The Cowboys believe they have addressed their need for a lead receiver with the acquisition of Amari Cooper from the Oakland Raiders this week for a first-round draft pick.
Excuse me for being skeptical.
The Cowboys have thrown a first-round pick out of desperation at a wide receiver issue in the past with little to show for it but regret. And make no mistake about it – the trade for Cooper represents a desperate move to salvage a season and, perhaps, the job of head coach Jason Garrett.
The Cowboys said good-bye to their two Pro Bowl receivers in the offseason. Dez Bryant became a salary-cap casualty and tight end Jason Witten retired to the ESPN Monday Night Football booth. They provided quarterback Dak Prescott his security blanket, finishing 1-2 on the Cowboys in receiving in 2017 with a combined 132 receptions for 1,398 yards and 11 touchdowns.
The Cowboys decided to take a receiver-by-committee approach in the passing game in 2018 with holdovers Cole Beasley and Terrance Williams, unrestricted free agent Allen Hurns, draft pick Michael Gallup and trade acquisition Tavon Austin. That group entered the season with 73 career touchdown receptions, which equaled Bryant’s total. The Cowboys were asking Prescott to flourish in the passing game without a lead receiver.
It didn’t happen. In what has become a passing league, the Cowboys took the NFL’s worst set of receivers into the 2018 season. And through seven weeks, the Cowboys ranked 29th in the NFL in passing.
There have been 74 individual 300-yard passing games in the NFL this season. Prescott doesn’t have any of them. There have been 112 individual 100-yard receiving games. The Cowboys have one of them. The team’s leading receiver (Beasley) ranks 47th in the NFL in both catches and yards. Prescott ranks 23rd in the NFL in passing efficiency at 87.4.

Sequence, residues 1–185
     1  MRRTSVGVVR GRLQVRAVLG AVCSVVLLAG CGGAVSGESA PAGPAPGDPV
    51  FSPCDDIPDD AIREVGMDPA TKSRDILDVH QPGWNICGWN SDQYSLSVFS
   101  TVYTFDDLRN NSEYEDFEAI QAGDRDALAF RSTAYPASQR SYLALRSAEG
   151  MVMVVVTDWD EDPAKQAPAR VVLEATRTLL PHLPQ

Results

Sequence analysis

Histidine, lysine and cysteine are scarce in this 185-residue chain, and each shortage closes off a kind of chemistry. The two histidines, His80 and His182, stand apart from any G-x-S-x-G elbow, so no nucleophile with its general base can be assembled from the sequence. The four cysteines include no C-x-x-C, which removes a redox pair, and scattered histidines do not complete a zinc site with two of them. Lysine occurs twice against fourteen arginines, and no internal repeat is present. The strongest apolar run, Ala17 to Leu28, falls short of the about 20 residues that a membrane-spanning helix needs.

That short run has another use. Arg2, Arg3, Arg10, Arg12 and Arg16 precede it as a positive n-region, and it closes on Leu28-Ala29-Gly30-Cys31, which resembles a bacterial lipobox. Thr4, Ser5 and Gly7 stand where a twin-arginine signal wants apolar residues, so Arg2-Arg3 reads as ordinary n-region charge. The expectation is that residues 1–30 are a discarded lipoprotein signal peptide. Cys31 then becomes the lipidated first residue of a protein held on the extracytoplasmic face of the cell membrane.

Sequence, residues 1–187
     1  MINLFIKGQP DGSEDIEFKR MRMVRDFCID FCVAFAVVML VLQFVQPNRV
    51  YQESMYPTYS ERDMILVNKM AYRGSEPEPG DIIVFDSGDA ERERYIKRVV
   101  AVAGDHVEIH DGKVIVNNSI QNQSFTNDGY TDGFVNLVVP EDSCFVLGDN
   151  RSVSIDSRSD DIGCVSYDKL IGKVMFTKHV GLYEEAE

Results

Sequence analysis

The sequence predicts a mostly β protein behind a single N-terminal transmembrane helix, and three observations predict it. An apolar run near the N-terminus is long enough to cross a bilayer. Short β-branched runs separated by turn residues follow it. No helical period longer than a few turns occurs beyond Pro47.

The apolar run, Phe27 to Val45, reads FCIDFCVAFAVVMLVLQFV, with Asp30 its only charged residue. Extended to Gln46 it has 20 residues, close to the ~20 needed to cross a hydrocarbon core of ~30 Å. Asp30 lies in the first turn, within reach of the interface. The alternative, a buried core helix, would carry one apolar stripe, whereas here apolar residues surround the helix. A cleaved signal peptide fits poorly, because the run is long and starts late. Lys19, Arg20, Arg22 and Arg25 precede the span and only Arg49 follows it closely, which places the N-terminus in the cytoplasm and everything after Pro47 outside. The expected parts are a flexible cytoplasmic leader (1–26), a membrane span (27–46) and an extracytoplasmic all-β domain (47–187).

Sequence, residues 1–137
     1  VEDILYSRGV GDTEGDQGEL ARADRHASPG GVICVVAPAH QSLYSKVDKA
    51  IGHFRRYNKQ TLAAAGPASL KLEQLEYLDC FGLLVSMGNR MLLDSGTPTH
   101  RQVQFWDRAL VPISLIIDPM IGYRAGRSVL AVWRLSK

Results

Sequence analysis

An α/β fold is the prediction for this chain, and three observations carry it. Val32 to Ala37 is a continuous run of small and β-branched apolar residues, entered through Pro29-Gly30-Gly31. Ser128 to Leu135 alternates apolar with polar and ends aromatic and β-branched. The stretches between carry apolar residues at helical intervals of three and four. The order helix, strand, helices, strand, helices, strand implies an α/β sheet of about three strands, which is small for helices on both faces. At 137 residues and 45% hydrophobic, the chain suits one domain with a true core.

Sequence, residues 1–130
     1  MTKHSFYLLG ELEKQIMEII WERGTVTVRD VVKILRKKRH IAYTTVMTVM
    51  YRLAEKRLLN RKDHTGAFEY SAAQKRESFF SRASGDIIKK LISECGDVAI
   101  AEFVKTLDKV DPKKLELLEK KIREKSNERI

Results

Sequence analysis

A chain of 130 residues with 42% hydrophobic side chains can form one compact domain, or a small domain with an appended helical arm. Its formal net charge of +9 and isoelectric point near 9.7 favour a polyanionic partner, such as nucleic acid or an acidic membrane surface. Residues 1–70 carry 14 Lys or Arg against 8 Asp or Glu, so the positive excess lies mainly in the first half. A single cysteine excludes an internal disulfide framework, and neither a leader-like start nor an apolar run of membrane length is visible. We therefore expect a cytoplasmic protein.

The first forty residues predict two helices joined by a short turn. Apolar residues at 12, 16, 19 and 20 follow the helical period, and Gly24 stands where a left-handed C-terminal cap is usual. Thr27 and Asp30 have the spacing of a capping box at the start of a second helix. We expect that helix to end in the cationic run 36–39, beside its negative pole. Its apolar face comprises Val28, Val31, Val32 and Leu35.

After a 20-17 loss to the Redskins that dropped the Cowboys to 3-4, the Jones family paid a visit to Jon Gruden’s fire sale in Oakland and came away with Cooper. Surrendering a first-round pick was a very familiar (and painful) price to pay for the Cowboys.
After Michael Irvin suffered a career-ending neck injury in 1999, the Cowboys were desperate for a lead receiver for quarterback Troy Aikman. So the Cowboys sent two first-round draft picks to the Seattle Seahawks for Joey Galloway in 2000. He was the definition of big-play receiver in Seattle with three 1,000-yard seasons in his five years there, catching 10 TD passes in 1997 and 12 in 1998.
But in four seasons with the Cowboys, Galloway never posted a 1,000-yard season and scored only 12 touchdowns. Dallas went to the playoffs once with Galloway on the roster but was eliminated in its first game.
In 2007, the Cowboys fielded one of the best teams in the NFL riding the arm of Tony Romo and the hands of Hall of Famer Terrell Owens and Witten, finishing 13-3 for the top seed in the NFC playoff bracket. But the Cowboys again lost their only playoff game and were convinced that they were just one more weapon away from a fourth Super Bowl championship of the Jerry Jones era.
So the Cowboys traded a first- and third-round draft pick to the Detroit Lions for Roy Williams at midseason of 2008. Williams caught 28 touchdown passes in his four seasons in Detroit and went to the Pro Bowl in 2006 on the strength of his 82 catches for 1310 yards.
But in his three seasons in Dallas, Williams never posted another 1,000-yard season, never went back to another Pro Bowl and scored only 13 touchdowns. The Cowboys went to the playoffs once with Williams and again suffered first-round elimination.
So now it’s Cooper’s turn to shine…or disappoint.
Is Cooper the receiver who caught eight passes for 128 yards and a touchdown against the Browns Sept. 30? Or the receiver who disappeared the following week with one catch for 10 yards against the Chargers? Is he the receiver who caught 83 passers for 1,153 yards on his way to the Pro Bowl in 2016? Or the receiver whose numbers fell off dramatically the following season – 48 catches for 680 yards?
At 24, are Cooper’s best seasons already behind him? The Cowboys have gambled a first-round draft pick that they are not. And a season now hangs in the balance.